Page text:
SciTech Tuesday: Radar Research Led to Astronomical Discoveries
JS Hey died on 27 February of 2000, at the age of 81.
Born in Lancashire, England, he was the third son of a cotton manufacturer. He entered University of Manchester and got his degree in physics in 1930, and a masters in x-ray crystallography in 1931.
Hey taught physics at schools in Northern England until 1942, when he joined the Army Operational Research Group. We was assigned to work on radar jamming. At that point the Allies were using a form of radar with relatively long waves. Axis forces could not only detect this radar, but jam it. Using radar jamming two German warships had recently escaped through the English Channel. At the same time the Allies were losing an unsustainable tonnage of cargo to U-Boats in the Atlantic.
75 years ago this month Hey was monitoring radar jamming when he noticed a great deal of noise in the 4-8 m jamming Allied radar sets. Following the source, he noticed that it moved slowly, tracking the sun. Looking up meteorological data, he discovered that the Sun had a very active solar spot that day. Solar spots had been hypothesized to produce streams of ions and magnetic fields. Hey interpreted the phenomenon of the radar jamming as support of this hypothesis.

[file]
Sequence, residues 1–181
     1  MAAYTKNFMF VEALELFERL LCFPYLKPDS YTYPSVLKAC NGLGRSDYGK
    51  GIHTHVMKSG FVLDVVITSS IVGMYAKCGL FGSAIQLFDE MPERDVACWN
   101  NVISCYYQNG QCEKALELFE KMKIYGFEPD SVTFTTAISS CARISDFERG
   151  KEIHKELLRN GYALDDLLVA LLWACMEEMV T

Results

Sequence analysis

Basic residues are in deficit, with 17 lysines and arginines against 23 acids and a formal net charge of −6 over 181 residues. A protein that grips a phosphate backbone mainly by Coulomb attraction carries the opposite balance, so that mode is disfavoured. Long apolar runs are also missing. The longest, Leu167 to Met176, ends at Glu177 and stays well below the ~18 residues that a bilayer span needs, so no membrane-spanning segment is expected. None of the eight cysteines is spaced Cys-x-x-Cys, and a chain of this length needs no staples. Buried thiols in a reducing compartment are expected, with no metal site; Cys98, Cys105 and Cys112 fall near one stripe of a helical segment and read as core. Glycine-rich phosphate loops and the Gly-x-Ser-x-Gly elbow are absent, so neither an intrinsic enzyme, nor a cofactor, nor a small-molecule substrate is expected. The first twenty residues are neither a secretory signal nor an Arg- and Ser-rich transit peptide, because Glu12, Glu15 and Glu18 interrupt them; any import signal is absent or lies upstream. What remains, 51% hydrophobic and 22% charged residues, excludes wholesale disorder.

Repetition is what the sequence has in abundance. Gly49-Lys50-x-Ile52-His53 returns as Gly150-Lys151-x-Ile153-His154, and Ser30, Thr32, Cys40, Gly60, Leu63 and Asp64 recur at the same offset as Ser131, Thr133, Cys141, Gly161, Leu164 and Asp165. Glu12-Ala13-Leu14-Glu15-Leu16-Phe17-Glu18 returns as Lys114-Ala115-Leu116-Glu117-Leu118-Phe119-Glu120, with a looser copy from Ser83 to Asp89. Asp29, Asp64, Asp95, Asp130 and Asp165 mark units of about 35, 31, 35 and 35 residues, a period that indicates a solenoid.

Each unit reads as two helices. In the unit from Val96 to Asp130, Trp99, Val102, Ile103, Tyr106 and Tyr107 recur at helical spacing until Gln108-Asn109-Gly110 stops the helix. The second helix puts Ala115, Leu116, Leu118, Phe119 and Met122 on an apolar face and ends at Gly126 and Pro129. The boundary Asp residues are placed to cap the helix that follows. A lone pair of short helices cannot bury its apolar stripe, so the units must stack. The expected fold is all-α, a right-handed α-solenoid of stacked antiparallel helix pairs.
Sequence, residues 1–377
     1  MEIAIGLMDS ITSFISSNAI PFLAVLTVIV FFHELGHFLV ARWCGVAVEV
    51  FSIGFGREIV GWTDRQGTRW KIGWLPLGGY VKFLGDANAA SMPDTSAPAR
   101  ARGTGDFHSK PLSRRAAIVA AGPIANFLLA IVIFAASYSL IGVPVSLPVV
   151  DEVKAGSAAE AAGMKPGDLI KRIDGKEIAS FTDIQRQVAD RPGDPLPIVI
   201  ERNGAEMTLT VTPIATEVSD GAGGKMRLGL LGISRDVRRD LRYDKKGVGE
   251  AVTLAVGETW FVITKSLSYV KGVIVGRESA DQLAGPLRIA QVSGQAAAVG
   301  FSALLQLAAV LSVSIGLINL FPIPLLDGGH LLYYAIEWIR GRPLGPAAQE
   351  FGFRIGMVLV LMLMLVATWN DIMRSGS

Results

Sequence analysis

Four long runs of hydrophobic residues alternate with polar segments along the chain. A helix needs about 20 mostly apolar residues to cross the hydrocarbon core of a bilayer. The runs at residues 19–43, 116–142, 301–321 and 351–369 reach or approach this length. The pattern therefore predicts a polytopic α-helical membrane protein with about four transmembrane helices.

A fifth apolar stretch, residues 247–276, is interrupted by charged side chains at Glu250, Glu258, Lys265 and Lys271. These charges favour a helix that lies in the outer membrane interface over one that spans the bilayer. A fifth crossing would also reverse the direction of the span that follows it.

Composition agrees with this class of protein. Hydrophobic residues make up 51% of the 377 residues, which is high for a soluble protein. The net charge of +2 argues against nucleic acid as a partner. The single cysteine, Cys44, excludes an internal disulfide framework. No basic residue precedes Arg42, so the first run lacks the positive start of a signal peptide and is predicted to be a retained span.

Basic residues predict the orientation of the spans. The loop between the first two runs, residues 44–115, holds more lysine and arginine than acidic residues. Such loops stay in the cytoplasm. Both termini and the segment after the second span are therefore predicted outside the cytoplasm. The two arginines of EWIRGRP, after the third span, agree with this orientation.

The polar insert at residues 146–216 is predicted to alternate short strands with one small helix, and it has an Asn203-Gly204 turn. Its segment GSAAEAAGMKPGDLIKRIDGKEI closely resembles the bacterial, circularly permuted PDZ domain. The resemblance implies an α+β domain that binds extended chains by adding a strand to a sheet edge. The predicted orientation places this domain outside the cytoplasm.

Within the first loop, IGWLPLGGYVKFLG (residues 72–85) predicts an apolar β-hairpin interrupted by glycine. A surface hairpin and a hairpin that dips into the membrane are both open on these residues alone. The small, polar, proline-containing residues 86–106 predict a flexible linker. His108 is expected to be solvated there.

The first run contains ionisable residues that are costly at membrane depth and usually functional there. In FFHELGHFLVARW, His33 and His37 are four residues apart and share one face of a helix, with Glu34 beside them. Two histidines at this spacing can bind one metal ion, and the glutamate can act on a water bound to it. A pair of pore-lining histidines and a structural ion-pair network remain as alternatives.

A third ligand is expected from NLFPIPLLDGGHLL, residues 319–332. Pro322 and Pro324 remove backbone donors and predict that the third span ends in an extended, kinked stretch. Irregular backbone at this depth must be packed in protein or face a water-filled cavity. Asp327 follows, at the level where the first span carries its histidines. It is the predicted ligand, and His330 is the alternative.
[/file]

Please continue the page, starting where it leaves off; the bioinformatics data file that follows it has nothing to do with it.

Development of radar using much shorter waves generated by the cavity magnetron allowed the Allies to avoid jamming by the Axis powers. Using this microwave radar Hey was tracking V2 rockets heading towards London in 1945 when he noticed transient radar echoes at about 60 miles of altitude. The echoes arrived at a rate of 5-10 per hour and persisted after the V2s were gone. It turned out the echoes were the vapor trails of meteors, and Hey showed that meteors could be tracked this way in the day when they were not visible to the eye.
JS Hey was not able to publish his results until after the war, for security reasons. Shortly after the war he was appointed to head the Army Operational Research Group, and he worked at the Royal Radar Establishment, where he continued his work in radio astronomy.
Posted by Rob Wallace, STEM Education Coordinator at The National WWII Museum